EA: Well there’s the SVA job board. I’ve never really needed to use it, but I’ve looked through it and it seemed like there were some good opportunities on there. In classes we met a lot of potential employers who we are able to contact outside of class to show our portfolios to. A lot of people get illustration jobs just from the people we meet in our classes. I got a few jobs from those connections. Getting illustration work IS all about connections so just…meet people, take notes, and don’t be afraid to contact anyone that comes in or is suggested to you. Also, sometimes Kim, the assistant chair, emails alum with job opportunities. I got my current bill-paying job from her, and it’s a nice one too!

10. Do you feel that this program helped you to grow as an illustrator?

EA: Yes, definitely! I came straight from undergrad at the University of Florida, where I pretty much learned nothing about illustration, so I really needed to just learn the business and understand everything about the career choice and what clients want.

11. What sort of projects did you work on in the program? What was the most challenging one you worked on?

EA: In the first semester you do a lot of smaller projects just to loosen yourself up and experience with various media. 2nd semester everyone works on a book project. Also, there’s a creative writing class and you learn to write better and be more creative with that. There’s also a computer class, so you do a few small projects for that to learn how to use various programs and make websites. 2nd year you work both semesters on your thesis project. The most challenging? They are all challenging at times. The little projects are because you just want to work on your big projects, so you get frustrated that you have to finish those too. The big projects just because.. they’re so huge and you wanna do your best and you have to work on all aspects -layout, artwork, design, print, whatever final stage you pick. You learn a lot.

12. What do you think were the most positive aspects of the program?

EA: The people. They become your best friends, and it was just a fabulous experience and I love everyone I came out of that program with! Also the teachers are amazing, and they look out for you. It’s just so… nice. I’m really bummed now that I’m done ): And since it’s new york you DO meet a lot of important people and fellow illustrators who are doing well, so you make a lot of sweet connections.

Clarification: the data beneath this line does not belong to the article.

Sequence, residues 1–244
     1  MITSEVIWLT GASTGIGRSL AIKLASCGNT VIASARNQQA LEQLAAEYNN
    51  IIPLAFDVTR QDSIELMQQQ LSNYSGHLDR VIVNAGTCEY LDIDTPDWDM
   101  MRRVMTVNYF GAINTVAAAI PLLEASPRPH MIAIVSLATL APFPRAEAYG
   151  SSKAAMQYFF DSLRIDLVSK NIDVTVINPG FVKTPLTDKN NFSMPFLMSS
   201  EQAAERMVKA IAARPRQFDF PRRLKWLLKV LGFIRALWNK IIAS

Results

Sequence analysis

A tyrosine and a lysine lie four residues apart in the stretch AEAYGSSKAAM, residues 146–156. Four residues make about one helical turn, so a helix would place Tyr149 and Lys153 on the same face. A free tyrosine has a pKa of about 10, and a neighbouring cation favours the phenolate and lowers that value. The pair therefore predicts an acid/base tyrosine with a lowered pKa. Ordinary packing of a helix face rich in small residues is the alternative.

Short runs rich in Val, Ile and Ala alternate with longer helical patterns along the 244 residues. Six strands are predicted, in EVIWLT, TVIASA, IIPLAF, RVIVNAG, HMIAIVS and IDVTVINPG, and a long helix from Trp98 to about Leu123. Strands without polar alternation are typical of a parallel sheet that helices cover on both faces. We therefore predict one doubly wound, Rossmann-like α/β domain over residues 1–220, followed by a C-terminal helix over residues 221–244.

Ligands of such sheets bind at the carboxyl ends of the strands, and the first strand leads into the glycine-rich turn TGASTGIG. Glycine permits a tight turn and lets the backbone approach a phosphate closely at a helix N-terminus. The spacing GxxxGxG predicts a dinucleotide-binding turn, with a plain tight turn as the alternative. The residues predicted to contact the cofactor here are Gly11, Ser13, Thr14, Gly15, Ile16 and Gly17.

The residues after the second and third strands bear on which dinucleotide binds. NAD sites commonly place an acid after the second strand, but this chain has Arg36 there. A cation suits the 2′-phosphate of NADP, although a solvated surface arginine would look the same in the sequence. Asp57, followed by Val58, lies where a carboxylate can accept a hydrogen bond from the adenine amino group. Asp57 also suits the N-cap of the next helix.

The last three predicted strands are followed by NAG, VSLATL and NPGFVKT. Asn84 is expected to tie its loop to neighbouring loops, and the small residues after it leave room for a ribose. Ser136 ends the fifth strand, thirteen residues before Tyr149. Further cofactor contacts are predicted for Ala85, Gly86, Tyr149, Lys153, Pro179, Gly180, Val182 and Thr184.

13. What were the downsides?

EA: MONEY. That’s pretty much it really. It’s extremely expensive to go through the program, and extremely expensive to live with. Unless you’re in it with savings or the backing of rich parents… you’re going to have a big loan. I have one! Ugh. There isn’t much money for scholarships either. You can get one based on how well you’re doing… but… it’s not nearly enough. There’s also a competitive one through the school, but again, not nearly enough. It definitely helps though.

14. What is your advice to someone approaching a grad school program like this one, in order to get the most of it?

EA: Be hardworking, listen to the professors and the professionals they bring in because they know what’s best since theyre in it and it’s new york, and MAKE CONNECTIONS. Don’t be afraid to talk to people, don’t tell yourself you’ll do it later or after you graduate. Start early, first semester, and don’t give up. The way to get the most of a program like this is to take care of things yourself. Don’t wait for others to make it happen.

15. What do you specialize in now? Do you think SVA helped prepare you to tackle that field, be it advertising or children’s books or editorial or something else?

EA: Right now I’m slowly creeping into children’s books and a little bit of other kinds of books. SVA definitely helped me. I had no idea what I was doing or how to get work before I came. Now I’ve made tons of connections and I’ve met with people who have started to find me work or who are sincerely interested in what I do. Your final year you pick a thesis advisor to help you with your thesis. If you do children’s books, find someone who is published who will help you! I managed to get an amazing published illustrator as my advisor and he’s given me tons of tips, connections, and he’s even hired me to do some work to help him finish a book. Again, it’s all about connections, I can’t stress that enough!


Thanks again Elisabeth for all your answers!

More results to come!


4 Responses to “Grad School and you? (pt. one of many)”

  1. […] Meg over at the Trade Secrets blog interviewed me about my experiences at the School of Visual Arts. You can read it here: Grad School and You: Part 1 […]

  2. Kath said

    Thanks for posting these interviews! Partly because I know Elisabeth Alba’s work from elsewhere on the net so it was great to see her here, and because I’m finishing up my visual arts courses this april for my BFA hon visual arts at UBC (heh don’t hate me) and I am also contemplating grad school of some variety eventually.

  3. “Grad School and you? (pt. one of many) TRADE SECRETS” ended